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COLLECTION Identifier: MS Ger 129

Claparède-Spir family papers


Papers primarily concern philosopher African Spir and include papers of Spir's daughter, Hélène Spir Claparède, and her family, especially her son, Jean-Louis Claparède.


  • 1867-1940

Language of Materials

Collection materials are in French, German, and English.

Conditions Governing Access

There are no restrictions on physical access to this material.

This collection is not housed at the Houghton Library but is shelved offsite at the Harvard Depository. Retrieval requires advance notice. Readers should check with Houghton Public Services staff to determine what material is offsite and retrieval policies and times.


.5 linear feet (1 box)

Papers include: compositions by and about African Spir, Hélène Spir Claparède, and Jean Louis Claparède; clippings; diary excerpts; family photographs; obituaries; translations; transcripts; an autobiographical memoir written by Hélène Spir Claparède; and a list of family materials held by at the Université de Genève. Some material in this collection is original and some is typescript transcript copy compiled and annotated by Hélène Spir Claparède.

Correspondence of African Spir and Hélène Spir Claparède include prominent correspondents: J.G. (Joseph Gabriel) Findel, Elisabeth Förster-Nietzsche, William Ernest Hocking, A. (Auguste) Penjon, and Aleksey Konstantinovich Tolstoy. Topics discussed include African Spir's philosophical ideas, the publishing of his works, his influence on the thought of philosopher Friedrich Wilhelm Nietzsche, and philosophy and world peace.

Materials are in German, French, and English.

Biographical / Historical

African Alexandrovich Spir (1837-1890) [also known as Afrikan Spir] was born in the city of Yelisawetgrad, Ukraine. He left Russia permanently in 1867, studied in Leipzig, Germany when philosopher Friedrich Wilhelm Nietzsche was a student there (though they never met), and in 1869 moved to Tübingen, then in 1871 to Stuttgart. He married Elizabeth Gatternich in 1872 and they had a daughter Hélène. His most important book, Denken und Wirklichkeit: Versuch einer Erneuerung der kritischen Philosophie = Thought and reality: Attempt at a renewal of critical philosophy, was published in 1873 by his friend and publisher J.G. (Joseph Gabriel) Findel of Leipzig. In 1878 he contracted a lung infection and moved to Lausanne, Switzerland and in 1886 he moved to Geneva where he died of influenza in March of 1890. Spir never held a university appointment and therefore much of his writing remained unknown throughout his life. Some believe his work influenced the German philosopher Friedrich Wilhelm Nietzsche.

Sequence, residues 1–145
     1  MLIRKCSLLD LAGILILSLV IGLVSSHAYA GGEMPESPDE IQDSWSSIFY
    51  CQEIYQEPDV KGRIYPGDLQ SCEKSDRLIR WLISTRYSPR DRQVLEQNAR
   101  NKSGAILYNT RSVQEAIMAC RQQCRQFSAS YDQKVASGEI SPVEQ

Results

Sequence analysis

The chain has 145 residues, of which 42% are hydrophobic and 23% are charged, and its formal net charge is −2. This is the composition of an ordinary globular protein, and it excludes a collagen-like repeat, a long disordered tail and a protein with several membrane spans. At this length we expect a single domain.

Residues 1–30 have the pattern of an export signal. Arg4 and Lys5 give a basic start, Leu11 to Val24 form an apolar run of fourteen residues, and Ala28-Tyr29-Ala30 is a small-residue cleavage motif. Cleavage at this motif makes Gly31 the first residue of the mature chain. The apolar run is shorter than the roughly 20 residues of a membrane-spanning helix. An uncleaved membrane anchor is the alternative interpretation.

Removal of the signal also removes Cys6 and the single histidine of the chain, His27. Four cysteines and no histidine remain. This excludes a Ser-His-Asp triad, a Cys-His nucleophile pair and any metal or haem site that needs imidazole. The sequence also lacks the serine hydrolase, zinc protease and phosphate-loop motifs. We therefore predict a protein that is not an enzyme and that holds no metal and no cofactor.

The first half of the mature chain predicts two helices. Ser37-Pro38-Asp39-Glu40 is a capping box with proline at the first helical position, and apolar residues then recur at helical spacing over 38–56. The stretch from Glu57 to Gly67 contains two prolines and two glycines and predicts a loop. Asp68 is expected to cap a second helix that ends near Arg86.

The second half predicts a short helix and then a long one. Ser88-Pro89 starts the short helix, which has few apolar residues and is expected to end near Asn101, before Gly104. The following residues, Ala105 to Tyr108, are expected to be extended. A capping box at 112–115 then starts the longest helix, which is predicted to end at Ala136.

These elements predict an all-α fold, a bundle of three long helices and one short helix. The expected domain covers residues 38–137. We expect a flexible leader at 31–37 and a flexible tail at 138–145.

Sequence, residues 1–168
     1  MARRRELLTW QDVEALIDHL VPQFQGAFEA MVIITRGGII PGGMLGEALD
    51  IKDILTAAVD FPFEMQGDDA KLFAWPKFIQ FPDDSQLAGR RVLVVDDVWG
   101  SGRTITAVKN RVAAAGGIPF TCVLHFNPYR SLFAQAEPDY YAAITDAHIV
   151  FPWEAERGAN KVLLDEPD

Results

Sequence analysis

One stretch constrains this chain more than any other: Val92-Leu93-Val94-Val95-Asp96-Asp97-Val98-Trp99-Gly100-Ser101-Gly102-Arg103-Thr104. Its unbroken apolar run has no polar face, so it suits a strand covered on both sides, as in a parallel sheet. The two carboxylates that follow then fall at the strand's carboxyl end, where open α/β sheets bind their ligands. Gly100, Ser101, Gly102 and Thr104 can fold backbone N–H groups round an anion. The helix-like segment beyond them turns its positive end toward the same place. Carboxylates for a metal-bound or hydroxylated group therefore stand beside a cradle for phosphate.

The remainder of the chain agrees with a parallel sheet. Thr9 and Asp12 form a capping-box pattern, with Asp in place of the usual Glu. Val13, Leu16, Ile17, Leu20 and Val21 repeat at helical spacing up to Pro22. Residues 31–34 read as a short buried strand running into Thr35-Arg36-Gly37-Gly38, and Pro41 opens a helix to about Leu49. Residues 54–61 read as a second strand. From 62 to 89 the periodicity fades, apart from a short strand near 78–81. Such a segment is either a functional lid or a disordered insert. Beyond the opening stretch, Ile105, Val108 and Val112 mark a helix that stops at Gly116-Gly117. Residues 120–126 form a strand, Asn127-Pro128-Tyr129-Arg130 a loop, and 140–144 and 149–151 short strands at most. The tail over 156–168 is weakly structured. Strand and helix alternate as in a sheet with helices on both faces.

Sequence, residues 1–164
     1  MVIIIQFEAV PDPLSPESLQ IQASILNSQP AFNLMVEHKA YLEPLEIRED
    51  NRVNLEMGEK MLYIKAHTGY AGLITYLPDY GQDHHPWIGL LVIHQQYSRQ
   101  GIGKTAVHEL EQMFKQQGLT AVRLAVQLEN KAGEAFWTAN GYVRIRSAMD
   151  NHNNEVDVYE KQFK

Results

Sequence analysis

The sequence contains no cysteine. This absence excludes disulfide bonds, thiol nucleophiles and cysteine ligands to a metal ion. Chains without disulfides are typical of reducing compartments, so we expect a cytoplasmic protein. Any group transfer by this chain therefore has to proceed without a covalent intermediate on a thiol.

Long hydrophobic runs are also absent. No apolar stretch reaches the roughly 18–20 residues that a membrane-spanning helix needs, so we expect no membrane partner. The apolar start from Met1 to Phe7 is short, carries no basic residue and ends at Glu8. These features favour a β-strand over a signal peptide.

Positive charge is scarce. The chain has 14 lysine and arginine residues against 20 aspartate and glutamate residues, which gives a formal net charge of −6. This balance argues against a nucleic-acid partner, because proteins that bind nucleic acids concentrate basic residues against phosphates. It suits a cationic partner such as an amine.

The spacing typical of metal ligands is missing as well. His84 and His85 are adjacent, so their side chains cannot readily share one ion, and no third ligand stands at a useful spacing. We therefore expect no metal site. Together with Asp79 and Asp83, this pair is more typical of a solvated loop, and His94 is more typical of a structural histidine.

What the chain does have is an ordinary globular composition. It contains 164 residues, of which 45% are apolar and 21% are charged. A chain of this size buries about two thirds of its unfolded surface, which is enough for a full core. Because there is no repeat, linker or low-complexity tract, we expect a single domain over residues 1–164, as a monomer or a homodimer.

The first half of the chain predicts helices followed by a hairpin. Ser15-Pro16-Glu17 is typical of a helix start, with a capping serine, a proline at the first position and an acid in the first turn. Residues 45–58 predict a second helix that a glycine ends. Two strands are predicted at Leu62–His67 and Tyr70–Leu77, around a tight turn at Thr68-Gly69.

Spir's daughter, Hélène Spir Claparède, is sometimes cited as Hélène Claparède-Spir. Her husband was Swiss psychologist and educator, Edouard Claparède (1873-1940). They had two children, a daughter, Eliane Claparède, and a son, Jean Louis Claparède (1901-1937). Jean Louis Claparède was an active proponent of the international peace movement. He died of a heart attack at age 35.


Organized into the following series:

  1. I. Correspondence
  2. II. Compositions by African Spir
  3. III. Compositions by Hélène Spir Claparède
  4. IV. Compositions by Jean Louis Claparède
  5. V. Family miscellany

Physical Location

Harvard Depository

Immediate Source of Acquisition

Gift of Mme. Hélène Spir Claparède [via Professor William Ernest Hocking]; received: 1939-1940. Recat. from TP 4960.81.

Papers assembled by Hélène Spir Claparède and sent to Harvard philosophy professor William Ernest Hocking as gift to the Harvard University Library. For additional acquisition information, see correspondence between William Ernest Hocking and Hélène Spir Claparède in the papers of William Ernest Hocking item (1192) also at the Houghton Library.

General note

This collection is shelved offsite at the Harvard Depository. See access restrictions below for additional information.

Processing Information

Processed by: Bonnie B. Salt

Claparède family. Claparède-Spir family papers: Guide.
Houghton Library, Harvard College Library
Language of description

Repository Details

Part of the Houghton Library Repository

Houghton Library is Harvard College's principal repository for rare books and manuscripts, archives, and more. Houghton Library's collections represent the scope of human experience from ancient Egypt to twenty-first century Cambridge. With strengths primarily in North American and European history, literature, and culture, collections range in media from printed books and handwritten manuscripts to maps, drawings and paintings, prints, posters, photographs, film and audio recordings, and digital media, as well as costumes, theater props, and a wide range of other objects. Houghton Library has historically focused on collecting the written record of European and Eurocentric North American culture, yet it holds a large and diverse number of primary sources valuable for research on the languages, culture and history of indigenous peoples of the Americas, Africa, Asia and Oceania.

Houghton Library’s Reading Room is free and open to all who wish to use the library’s collections.

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